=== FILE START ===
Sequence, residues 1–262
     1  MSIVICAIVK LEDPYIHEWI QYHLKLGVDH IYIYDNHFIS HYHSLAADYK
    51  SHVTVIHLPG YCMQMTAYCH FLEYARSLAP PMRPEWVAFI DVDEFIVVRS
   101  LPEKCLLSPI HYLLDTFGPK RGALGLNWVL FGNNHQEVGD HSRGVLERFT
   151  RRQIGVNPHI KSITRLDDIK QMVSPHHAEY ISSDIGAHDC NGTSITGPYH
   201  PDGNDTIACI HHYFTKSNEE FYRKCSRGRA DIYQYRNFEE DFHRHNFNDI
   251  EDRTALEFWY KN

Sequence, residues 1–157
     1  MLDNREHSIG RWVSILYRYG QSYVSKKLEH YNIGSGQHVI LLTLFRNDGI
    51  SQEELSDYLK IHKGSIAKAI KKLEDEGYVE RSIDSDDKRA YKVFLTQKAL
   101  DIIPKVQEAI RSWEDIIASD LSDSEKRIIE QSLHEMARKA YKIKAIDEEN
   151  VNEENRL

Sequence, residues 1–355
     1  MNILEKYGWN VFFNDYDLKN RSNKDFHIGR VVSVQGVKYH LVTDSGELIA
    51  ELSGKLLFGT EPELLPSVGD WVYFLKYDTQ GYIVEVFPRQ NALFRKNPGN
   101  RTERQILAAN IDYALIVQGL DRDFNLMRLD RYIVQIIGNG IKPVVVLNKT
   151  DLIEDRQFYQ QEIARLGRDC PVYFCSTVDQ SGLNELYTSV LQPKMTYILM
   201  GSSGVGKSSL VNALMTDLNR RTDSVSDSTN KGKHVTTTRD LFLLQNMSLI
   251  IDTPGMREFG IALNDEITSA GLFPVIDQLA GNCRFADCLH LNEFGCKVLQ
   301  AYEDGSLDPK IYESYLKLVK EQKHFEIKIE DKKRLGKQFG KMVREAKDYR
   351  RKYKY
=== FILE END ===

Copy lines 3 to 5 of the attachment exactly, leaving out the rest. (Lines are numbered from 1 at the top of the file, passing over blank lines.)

    51  SHVTVIHLPG YCMQMTAYCH FLEYARSLAP PMRPEWVAFI DVDEFIVVRS
   101  LPEKCLLSPI HYLLDTFGPK RGALGLNWVL FGNNHQEVGD HSRGVLERFT
   151  RRQIGVNPHI KSITRLDDIK QMVSPHHAEY ISSDIGAHDC NGTSITGPYH